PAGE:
The company was started in 1836 at McAlpine Street by Walter Neilson and James Mitchell to manufacture marine and stationary engines. In 1837 the firm moved to Hyde Park Street and was known as Kerr, Mitchell and Neilson
In 1840 the organisation became Kerr, Neilson and Company and then three years later Neilson and Mitchell in 1843.
In 1840 the partnership known as Kerr, Mitchell and Neilson at Hyde Park Foundry was dissolved by the partners James B. Neilson, James Mitchell and Stewart Kerr. James Beaumont Neilson and Stewart Kerr formed a new company Kerr, Neilson and Co working from the Hyde Park Street works but it operated at a loss and was dissolved in 1843 with Neilson paying the debts.
After 1843 the organisation became Neilson and Mitchell with Mitchell running the financial side of the business.
Locomotive building began in 1843 with a 0-4-0 for the local railways.
In 1847 The partnership of Walter Neilson and James Mitchell was dissolved and the business carried on by Walter Neilson under the name Neilson and Co.
1858 James Reid, who had been works manager, was replaced by Heinrich Dübs who had more experience of designing and building locomotives. Reid went to work for Sharp, Stewart and Co in Manchester. Heinrich Dübs was made a partner in the Neilson business.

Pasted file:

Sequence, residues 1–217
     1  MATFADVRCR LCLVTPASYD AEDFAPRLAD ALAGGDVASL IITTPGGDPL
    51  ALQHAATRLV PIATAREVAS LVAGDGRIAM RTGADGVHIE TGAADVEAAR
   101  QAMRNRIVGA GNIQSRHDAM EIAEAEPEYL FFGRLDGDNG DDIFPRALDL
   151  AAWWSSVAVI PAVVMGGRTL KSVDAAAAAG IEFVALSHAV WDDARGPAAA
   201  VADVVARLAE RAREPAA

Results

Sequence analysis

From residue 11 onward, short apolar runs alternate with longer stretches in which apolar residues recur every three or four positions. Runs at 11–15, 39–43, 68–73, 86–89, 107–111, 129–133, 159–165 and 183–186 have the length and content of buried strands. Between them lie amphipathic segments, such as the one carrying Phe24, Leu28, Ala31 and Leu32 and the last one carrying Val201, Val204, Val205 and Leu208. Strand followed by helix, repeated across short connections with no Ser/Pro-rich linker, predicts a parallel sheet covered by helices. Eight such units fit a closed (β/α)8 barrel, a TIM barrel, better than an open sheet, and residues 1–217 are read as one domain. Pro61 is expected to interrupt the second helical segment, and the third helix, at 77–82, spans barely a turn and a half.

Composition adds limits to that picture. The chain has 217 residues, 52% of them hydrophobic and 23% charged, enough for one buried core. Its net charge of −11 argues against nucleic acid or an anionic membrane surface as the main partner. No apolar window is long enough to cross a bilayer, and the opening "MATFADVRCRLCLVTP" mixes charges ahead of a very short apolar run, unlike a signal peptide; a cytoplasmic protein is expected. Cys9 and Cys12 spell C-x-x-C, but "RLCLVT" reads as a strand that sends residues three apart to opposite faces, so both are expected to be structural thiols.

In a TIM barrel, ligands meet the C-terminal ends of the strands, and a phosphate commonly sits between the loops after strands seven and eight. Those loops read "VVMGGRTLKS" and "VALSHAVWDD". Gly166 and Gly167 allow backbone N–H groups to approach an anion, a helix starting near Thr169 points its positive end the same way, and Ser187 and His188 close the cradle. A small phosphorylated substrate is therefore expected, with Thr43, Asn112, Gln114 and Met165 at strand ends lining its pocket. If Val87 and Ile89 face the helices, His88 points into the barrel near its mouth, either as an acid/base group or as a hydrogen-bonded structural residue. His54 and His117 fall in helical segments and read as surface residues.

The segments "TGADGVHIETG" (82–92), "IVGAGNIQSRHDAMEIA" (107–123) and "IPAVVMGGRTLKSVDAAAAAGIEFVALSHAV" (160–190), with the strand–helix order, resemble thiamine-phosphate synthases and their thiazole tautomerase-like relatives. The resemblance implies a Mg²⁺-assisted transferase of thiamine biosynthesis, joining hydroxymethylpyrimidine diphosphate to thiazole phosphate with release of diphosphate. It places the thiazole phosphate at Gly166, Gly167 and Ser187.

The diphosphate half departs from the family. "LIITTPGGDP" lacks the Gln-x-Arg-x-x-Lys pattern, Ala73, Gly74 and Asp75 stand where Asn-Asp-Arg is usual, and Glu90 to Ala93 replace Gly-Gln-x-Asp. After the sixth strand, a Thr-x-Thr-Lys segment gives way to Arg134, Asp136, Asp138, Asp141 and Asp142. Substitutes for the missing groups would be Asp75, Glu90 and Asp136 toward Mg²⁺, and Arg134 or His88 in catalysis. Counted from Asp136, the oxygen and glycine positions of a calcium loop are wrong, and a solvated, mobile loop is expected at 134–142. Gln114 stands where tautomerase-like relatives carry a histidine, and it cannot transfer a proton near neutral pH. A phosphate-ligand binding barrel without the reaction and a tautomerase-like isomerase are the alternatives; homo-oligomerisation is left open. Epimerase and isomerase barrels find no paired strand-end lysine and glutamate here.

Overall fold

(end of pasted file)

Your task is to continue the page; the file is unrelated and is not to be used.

By 1861, business had increased to such an extent, that a new works was built at Springburn, also named Hyde Park Works.
In 1864, Heinrich Dübs set up in business on his own at Queens Park Works, as Dübs and Company, taking a number of key staff with him. James Reid, who had previously worked for Neilson, however, returned and became a partner.
When the Edinburgh and Glasgow Railway was opened in 1842, it used a pair of Neilson & Mitchell beam engines to work the rope incline from Glasgow to Cowlairs station.
By 1855, the company was building four-coupled tank engines, along with 2-4-0 and 0-4-2 tender locomotives. Some of these were for Cowlairs and St. Rollox, but many more went to India.
Through the 1870s considerable numbers of 0-4-4 tank engines were built for the London, Chatham and Dover Railway, the Midland and the Great Eastern. Many other types were built for railways at home and abroad, including fifty 0-4-2s for India. The company’s first eight-coupled locomotives were built in 1872, also for India.
In 1879 the first 2-6-0s to run on British rails were built for William Adams of the Great Eastern.
More overseas orders followed, with engines for South Africa and South America.
In 1884, Neilson left to form a new company, the Clyde Locomotive Company; although Reid became the sole owner of Neilson & Co., it was not until 1898 that the company changed its name to Neilson, Reid and Company.
In 1898 the name changed to Neilson, Reid and Co
By 1900 an estimated 5,394 locomotives had been built and the firm employed 3,500 people and produced 300 locomotives per annum.